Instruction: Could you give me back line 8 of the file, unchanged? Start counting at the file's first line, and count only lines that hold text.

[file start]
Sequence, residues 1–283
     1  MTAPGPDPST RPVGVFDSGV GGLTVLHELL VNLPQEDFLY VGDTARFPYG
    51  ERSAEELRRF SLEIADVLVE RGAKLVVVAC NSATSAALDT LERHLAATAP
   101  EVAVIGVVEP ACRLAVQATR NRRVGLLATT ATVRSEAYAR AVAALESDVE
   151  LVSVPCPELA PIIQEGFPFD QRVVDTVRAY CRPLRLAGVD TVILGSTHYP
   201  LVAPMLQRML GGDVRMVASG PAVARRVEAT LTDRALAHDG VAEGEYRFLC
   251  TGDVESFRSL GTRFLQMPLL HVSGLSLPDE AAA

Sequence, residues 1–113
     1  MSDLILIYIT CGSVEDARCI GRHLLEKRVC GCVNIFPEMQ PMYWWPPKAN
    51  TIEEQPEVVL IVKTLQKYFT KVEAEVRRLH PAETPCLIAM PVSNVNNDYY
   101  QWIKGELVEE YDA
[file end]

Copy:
Sequence, residues 1–113